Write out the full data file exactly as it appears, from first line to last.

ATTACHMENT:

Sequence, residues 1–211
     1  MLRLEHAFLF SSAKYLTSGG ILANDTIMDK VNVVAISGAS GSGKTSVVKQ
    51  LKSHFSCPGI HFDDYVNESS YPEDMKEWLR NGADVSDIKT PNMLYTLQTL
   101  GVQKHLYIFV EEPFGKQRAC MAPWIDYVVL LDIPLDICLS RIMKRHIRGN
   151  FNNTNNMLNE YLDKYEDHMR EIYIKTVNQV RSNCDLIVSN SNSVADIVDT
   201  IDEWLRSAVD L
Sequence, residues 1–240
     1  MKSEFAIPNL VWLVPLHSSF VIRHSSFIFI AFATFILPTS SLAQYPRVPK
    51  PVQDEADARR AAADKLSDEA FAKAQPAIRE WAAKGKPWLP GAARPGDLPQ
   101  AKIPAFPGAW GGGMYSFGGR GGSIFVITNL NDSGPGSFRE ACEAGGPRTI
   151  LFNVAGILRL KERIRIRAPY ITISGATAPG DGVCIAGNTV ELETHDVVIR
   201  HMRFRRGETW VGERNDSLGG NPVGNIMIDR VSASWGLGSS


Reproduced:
Sequence, residues 1–211
     1  MLRLEHAFLF SSAKYLTSGG ILANDTIMDK VNVVAISGAS GSGKTSVVKQ
    51  LKSHFSCPGI HFDDYVNESS YPEDMKEWLR NGADVSDIKT PNMLYTLQTL
   101  GVQKHLYIFV EEPFGKQRAC MAPWIDYVVL LDIPLDICLS RIMKRHIRGN
   151  FNNTNNMLNE YLDKYEDHMR EIYIKTVNQV RSNCDLIVSN SNSVADIVDT
   201  IDEWLRSAVD L
Sequence, residues 1–240
     1  MKSEFAIPNL VWLVPLHSSF VIRHSSFIFI AFATFILPTS SLAQYPRVPK
    51  PVQDEADARR AAADKLSDEA FAKAQPAIRE WAAKGKPWLP GAARPGDLPQ
   101  AKIPAFPGAW GGGMYSFGGR GGSIFVITNL NDSGPGSFRE ACEAGGPRTI
   151  LFNVAGILRL KERIRIRAPY ITISGATAPG DGVCIAGNTV ELETHDVVIR
   201  HMRFRRGETW VGERNDSLGG NPVGNIMIDR VSASWGLGSS